At the age of 7, Yves Ramette begins studying musical theory with his father (who directed an « École Professionnelle Supérieure »). At 14, while he is in High School, he continues his training in Harmony. Then, in Beauvais, he learns playing the violin with Robert Duforestel as well as the piano.
In 1941 he enters the National Superior Conservatory of Music of Paris, where he studies Harmony with Jacques de la Presle, Counterpoint and Fugue with Simone Plé-Caussade, the piano with Lélia Gousseau and Lazare Lévy, the conducting with Eugène Bigot. Meanwhile, at the « École normale de musique de Paris », he got the First Prize of Composition in 1945 in the class of Arthur Honegger.
About these years, Yves Ramette writes in his memories:
“a huge amount of work, because I set myself to study the compositions of all the Great Masters from Bach to Stravinsky… and Honegger, whose I was the disciple”.
From 1945 onwards, Georges Jacob, chapel master at the Parisian church Saint-Ferdinand-des-Ternes, teaches him the organ. Yves Ramette writes: « At this time, I didn’t know that I would become the chapel master and organist of this church… and that it would last more than thirty years » (Yves Ramette becomes the chapel master of this church in 1952).
He also teaches Counterpoint, Fugue and Composition at the Schola Cantorum (Paris) from 1947 to 1953. He has to convince the director of the Schola Cantorum to let him create a class of Harmony, because Yves Ramette states that « learning Counterpoint without a strong knowledge of Harmony is illusory ».
In 1948, his Symphony No. 1 is premiered in Bruxelles by conductor Franz André. In 1950, both his Symphonies No. 2 and No. 3 are premiered by Daniel Sternefeld, in Bruxelles and in Luxembourg. In 1952, his Prelude, Fugue and Postlude wins a prize at the Composition Competition organized by Radio Luxembourg. With the composers Luc Ferrari (1929-2005), Bozidar Kantuser (1921-1999) and Pierre Migaux (1925-2006), Yves Ramette creates in 1953 the Groupe 84, which aims to make discover the great classical works of their time. The French premiere of Bela Bartok’s Sonata for Two Pianos and Percussion occured during one of the concerts organized by the Groupe 84.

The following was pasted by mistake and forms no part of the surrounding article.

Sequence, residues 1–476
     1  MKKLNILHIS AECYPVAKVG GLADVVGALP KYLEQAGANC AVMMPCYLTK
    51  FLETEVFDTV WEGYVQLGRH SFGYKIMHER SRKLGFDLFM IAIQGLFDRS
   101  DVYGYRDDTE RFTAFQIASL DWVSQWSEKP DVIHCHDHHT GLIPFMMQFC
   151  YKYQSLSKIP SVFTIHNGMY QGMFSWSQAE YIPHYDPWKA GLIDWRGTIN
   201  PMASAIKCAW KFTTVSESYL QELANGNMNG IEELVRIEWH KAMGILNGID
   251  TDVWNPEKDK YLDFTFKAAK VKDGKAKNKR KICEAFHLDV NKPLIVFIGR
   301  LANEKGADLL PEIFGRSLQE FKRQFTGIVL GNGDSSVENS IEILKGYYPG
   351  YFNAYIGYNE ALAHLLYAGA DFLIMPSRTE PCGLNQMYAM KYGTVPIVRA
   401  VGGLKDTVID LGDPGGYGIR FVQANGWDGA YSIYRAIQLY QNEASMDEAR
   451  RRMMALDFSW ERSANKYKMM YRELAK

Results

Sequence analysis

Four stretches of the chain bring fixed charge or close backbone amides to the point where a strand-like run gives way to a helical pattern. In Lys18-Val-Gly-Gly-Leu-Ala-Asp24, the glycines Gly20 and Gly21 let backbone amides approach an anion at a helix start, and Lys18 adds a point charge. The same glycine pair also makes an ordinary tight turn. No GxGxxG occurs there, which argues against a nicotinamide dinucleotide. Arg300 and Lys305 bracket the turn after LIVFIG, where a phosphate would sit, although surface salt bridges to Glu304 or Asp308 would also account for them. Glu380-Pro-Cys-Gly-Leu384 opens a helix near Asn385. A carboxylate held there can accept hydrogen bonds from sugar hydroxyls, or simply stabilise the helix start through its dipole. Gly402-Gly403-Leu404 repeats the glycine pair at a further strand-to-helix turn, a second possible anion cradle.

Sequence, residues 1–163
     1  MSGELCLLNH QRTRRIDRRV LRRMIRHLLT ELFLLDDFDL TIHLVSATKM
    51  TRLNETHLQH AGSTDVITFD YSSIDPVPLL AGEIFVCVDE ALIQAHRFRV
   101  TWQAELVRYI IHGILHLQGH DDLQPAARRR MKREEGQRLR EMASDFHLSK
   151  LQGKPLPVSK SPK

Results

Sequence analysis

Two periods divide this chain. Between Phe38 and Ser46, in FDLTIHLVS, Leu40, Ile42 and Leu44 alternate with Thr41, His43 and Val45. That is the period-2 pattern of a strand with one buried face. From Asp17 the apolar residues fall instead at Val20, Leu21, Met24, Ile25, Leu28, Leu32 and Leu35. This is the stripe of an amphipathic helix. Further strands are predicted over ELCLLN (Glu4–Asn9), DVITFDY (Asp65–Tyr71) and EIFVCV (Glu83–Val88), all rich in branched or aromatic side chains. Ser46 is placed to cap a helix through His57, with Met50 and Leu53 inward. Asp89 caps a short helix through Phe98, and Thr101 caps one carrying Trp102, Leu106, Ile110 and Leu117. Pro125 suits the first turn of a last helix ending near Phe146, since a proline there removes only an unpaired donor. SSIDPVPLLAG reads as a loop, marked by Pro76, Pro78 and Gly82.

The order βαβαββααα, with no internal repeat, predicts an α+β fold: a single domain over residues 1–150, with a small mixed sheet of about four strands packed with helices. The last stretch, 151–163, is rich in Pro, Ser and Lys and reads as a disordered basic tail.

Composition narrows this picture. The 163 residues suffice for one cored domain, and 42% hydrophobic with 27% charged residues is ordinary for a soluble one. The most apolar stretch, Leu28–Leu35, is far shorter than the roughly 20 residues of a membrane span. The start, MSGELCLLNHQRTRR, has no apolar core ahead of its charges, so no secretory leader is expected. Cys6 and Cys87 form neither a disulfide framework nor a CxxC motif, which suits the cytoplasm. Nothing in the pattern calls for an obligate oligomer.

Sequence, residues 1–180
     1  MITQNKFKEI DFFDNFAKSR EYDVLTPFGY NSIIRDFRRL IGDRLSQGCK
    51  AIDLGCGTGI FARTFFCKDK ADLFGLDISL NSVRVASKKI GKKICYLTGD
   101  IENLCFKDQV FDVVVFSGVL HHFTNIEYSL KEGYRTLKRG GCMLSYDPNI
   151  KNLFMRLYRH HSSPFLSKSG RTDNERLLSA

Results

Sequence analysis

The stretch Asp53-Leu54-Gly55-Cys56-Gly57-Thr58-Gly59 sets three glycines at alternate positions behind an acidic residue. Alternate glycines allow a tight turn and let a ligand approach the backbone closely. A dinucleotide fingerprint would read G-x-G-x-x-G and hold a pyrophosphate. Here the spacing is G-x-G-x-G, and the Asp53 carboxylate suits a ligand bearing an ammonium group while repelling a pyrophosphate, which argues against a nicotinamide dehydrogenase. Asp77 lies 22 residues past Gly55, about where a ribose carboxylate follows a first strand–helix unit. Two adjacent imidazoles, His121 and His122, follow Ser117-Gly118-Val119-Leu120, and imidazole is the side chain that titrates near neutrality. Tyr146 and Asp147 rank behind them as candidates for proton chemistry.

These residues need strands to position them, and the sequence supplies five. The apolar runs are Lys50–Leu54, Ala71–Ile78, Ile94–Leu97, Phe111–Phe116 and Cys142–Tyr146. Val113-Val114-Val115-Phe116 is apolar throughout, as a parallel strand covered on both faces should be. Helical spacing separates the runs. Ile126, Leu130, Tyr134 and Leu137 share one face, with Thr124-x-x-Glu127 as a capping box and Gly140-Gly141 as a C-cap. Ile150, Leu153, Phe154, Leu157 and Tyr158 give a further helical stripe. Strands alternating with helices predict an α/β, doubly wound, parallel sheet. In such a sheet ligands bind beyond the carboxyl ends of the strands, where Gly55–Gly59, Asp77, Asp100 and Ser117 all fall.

His fourth, fifth and sixth symphonies are all premiered abroad, just like his first three ones: the 4th in 1951 and the 5th in 1957, both in Bruxelles by Daniel Sternefeld; the 6th in 1964, in Netherlands, by André Rieu (father of the famous violinist).
In spite of these successes, Yves Ramette never achieved to interest French musical associations. He states: “no French orchestra ever commissioned me a symphony or wished to perform one of my works… just as if I didn’t exist!”. Actually, since the 1950s, French cultural ministeries and official bodies support only serial, dodecaphonic, experimental music… but Yves Ramette keeps composing in his personal post-romantic style.
In 1996, he writes to French minister of Culture, Philippe Douste-Blazy: « During my numerous travels abroad, in Belgium, Holland, Luxembourg, Italia and elsewhere, I have always encountered a warm welcome and a tasteful respect. That’s why I can’t stand the absolute silence of French musical official bodies. I consider this as a personal offense. There’s only one trendy word to describe this state of fact: exclusion. Concerning a French artist who works on his art in a selflessly way, who works hard knowing that once a work is finished, the target is still far, who seeks to keep a total independence from all schools, sects, clans, whose main purpose is to keep his liberty, I wonder if nowadays, all the “flaws” of this artist aren’t the exact cause of his exclusion ».
From 1960 onwards, Yves Ramette must resolve to compose exclusively for his two favorite instruments: the organ and the piano. Among his major instrumental works: Concerto for organ solo (1964), Ermia, poem for organ (1971), Pour une nuit de Noël, triptych for organ (1983), Three Etudes for piano (1987), Piano Sonatas No. 1 & No. 2 (1991 and 2001), Pour un bal imaginaire, for piano (1999).
He founded the mixed choir “Vox Ardens”, promoting sacred and profane choral music of the great classical, romantic and modern masters. Between 1968 and 1987, Yves Ramette and his choir gave numerous concerts in Paris and elsewhere in France. Yves Ramette composed several works especially for this choir : Salve Regina for soprano solo, mixed choir and organ (1982), Psalm 116 for soprano solo, mixed choir and organ (1982), Christus, cantata for mixed choir and organ (1983)…
In 1990, disagreeing with religious authorities on the suppression of great sacred music and the introduction of a vestigial liturgy, Yves Ramette resigns from his position as chapel master and organist of the church Saint-Ferdinand-des-Ternes. In 1997, he writes « Grandeur et Décadence d’une tribune », a book in which he evokes his career as a composer and organist. The last sentence is a quote of politician and writer Georges Clemenceau: « A people finds its joy and its serenity in music. The quality of its music proves its degree of civilization. »
In 1997, during a concert, Yves Ramette meets American pianist Eric Himy, who will play and record many of his compositions on the labels MMC and Navona Records. Between 2013 and 2016, Navona Records released eight CDs of Yves Ramette’s piano, organ, chamber and orchestral works. Yves Ramette passed away on June 2, 2012, aged 91.
English and French texts by Corentin Boissier